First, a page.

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More at Source: The Iraq Debate That Wasn't
Americans would be forgiven for thinking there's a major debate underway in Washington over whether or not the U.S. should leave Iraq. The Senate is halfway through two weeks of fierce fighting over setting timelines, enforcing benchmarks and generally trying to pressure the White House to reduce the number of American troops there. President Bush held a lengthy press conference, Thursday, in which he hinted he might change course on the war after his generals report to him in September. Once they've done so, he said, "We'll use that data... to, you know, make another decision, if need be."
So what's with all the end-the-war talk? The impression being created by the debate in Washington is more about politics than anything else. For starters, Democrats are playing to their base: Though most Senate Democrats support a redeployment along the lines that Bush is describing, they are keen to give voters the impression that they are all for getting the U.S. out of Iraq. And they are, but not yet. They, too, recognize a need for a strong, interim force in country to offset the threat of mass killing, secure the borders, chase al-Qaeda and deter Iranian meddling in the country.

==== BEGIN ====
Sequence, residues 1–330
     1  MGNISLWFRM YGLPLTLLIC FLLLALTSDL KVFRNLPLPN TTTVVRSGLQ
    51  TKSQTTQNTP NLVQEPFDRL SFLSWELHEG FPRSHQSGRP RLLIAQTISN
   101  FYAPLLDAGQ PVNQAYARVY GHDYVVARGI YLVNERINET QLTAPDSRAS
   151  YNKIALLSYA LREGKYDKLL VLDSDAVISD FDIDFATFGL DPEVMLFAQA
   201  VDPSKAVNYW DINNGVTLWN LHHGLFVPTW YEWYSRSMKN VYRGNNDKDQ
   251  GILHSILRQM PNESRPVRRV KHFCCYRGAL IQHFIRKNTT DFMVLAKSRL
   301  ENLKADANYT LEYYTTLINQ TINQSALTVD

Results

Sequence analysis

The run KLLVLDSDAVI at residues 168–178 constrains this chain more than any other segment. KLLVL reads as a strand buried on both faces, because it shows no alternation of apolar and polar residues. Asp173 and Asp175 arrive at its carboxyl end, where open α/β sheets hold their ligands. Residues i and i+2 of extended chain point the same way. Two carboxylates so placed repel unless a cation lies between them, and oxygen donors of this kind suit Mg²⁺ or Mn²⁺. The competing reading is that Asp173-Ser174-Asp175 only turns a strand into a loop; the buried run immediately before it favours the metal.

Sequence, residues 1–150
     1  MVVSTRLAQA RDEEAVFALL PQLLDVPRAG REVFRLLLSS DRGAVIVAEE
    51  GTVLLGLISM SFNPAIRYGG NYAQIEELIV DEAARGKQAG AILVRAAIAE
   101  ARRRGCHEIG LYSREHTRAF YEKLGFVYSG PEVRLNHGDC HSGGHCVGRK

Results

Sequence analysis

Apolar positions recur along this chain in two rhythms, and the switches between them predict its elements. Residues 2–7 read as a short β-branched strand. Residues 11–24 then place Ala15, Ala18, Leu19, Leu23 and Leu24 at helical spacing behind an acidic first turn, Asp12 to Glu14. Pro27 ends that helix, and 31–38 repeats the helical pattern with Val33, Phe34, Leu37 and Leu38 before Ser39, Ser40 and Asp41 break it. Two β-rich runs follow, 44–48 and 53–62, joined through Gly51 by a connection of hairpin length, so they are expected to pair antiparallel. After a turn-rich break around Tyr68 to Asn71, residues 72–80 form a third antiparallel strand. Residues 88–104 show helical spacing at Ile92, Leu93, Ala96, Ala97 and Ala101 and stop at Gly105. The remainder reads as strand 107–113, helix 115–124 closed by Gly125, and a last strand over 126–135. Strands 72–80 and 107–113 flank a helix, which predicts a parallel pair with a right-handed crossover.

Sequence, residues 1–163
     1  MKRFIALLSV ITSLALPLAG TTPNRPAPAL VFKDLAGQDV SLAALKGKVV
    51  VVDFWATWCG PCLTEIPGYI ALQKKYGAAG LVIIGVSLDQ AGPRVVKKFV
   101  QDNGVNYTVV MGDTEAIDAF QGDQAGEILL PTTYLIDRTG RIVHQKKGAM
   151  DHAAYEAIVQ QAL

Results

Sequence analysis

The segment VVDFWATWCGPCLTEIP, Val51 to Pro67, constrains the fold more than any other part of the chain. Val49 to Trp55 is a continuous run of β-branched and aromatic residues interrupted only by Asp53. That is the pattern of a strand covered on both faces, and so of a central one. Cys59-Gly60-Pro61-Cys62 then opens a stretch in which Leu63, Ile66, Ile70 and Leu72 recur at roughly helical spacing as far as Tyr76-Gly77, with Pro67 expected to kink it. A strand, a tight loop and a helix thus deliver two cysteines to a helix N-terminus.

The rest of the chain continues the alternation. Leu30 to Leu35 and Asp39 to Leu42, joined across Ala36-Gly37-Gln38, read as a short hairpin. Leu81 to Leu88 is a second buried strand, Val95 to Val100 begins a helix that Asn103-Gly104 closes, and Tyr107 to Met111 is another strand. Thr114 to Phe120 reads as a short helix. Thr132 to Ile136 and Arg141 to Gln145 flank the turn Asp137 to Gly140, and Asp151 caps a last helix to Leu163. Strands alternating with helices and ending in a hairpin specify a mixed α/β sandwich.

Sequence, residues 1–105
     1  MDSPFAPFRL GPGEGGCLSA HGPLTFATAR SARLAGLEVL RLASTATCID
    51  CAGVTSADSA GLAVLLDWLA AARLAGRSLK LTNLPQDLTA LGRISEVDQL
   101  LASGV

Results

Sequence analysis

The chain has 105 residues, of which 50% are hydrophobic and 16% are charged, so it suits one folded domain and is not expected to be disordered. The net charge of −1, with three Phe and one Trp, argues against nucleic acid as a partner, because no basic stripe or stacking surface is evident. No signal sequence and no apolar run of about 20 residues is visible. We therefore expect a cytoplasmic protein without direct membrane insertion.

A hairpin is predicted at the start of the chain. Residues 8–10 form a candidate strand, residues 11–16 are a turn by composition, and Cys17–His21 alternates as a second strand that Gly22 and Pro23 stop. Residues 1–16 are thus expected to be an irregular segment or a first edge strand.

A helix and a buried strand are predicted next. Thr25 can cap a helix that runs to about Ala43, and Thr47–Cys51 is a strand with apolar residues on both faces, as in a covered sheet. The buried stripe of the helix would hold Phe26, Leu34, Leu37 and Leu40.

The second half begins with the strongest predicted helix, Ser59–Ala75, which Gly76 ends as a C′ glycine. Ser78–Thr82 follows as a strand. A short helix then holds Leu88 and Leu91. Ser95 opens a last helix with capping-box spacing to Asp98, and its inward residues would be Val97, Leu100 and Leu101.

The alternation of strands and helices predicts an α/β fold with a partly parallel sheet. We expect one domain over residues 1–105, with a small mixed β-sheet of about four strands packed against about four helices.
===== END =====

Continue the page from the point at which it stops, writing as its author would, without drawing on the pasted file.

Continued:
As for the Republicans, they too are playing to core supporters. They know that, in theory at least, Bush wants a smaller role for U.S. troops; he's been trying to get there for years, now. But their interest is to cast the political battle with Democrats as one of strength vs. defeatism. So, even if the Democrats' position is not in fact that far from where the President claims to be headed, both sides are portraying the gap between them as unbridgeable. Which, in turn, leaves the impression that the debate is between those who want to escalate the war and those who want to withdraw U.S. forces entirely.
If you're looking for someone who will lead a speedy withdrawal from Iraq, you'll have to go to the extreme left or right of the parties. Nobody in the mainstream is looking to get out soon.